‘Sometimes I think things … Then I don’t know whether you’re really allowed to think things like that,’ comments Michel Lohman, one of two teenage boys at the centre of Herman Koch’s The Dinner. He’s confiding in his father, Paul, the narrator of a novel that takes a special delight in thinking the unthinkable. The boys, two cousins, have committed an unprovoked act of violence, made notorious from its media exposure, and their parents – Paul, his brother Serge, and their wives – are meeting in a slick restaurant in Amsterdam. But as Paul attempts to comprehend and respond to the crime, as yet unpunished, the novel raises the troubling notion that some victims are more innocent than others. Or as Koch puts it, ‘that which falls is weak, that which lies on the ground is prey’.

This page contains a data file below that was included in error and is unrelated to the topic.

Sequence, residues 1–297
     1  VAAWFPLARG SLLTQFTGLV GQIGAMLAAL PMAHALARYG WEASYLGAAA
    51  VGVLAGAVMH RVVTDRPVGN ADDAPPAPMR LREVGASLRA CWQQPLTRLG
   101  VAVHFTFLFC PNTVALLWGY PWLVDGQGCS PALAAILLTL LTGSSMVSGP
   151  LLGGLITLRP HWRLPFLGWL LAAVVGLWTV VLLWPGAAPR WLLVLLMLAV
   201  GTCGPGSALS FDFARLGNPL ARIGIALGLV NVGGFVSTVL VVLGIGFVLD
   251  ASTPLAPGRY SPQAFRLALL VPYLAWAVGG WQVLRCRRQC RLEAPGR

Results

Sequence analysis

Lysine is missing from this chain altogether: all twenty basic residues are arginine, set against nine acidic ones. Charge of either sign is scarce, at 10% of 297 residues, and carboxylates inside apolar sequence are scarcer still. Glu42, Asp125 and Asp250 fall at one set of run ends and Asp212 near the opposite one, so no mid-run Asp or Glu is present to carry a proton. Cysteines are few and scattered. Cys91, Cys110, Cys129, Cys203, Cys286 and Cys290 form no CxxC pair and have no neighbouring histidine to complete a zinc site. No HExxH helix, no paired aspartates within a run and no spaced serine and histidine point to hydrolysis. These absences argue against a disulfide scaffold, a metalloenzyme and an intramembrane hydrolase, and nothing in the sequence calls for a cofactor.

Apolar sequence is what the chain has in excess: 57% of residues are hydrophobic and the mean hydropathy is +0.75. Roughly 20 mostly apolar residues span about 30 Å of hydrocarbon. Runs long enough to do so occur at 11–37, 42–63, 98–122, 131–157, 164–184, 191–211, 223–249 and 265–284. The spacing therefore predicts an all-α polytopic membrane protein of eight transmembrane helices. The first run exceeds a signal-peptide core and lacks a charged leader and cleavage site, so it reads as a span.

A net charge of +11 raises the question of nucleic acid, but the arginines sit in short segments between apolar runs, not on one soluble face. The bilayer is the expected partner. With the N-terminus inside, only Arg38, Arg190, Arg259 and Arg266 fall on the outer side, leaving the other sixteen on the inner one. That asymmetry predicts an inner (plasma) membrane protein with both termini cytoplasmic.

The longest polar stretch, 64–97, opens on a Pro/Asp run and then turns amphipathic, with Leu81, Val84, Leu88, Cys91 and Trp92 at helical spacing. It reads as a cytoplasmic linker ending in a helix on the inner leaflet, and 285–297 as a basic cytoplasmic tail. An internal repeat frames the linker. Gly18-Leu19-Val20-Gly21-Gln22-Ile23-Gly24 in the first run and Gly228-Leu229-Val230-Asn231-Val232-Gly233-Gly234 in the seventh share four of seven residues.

This latent social Darwinism is unsettling, partly because of the novel’s insistence on the ideal of a happy family. The Dinner takes the opening sentence of Tolstoy’s Anna Karenina – ‘all happy families are alike; each unhappy family is unhappy in its own way’ – and examines it from every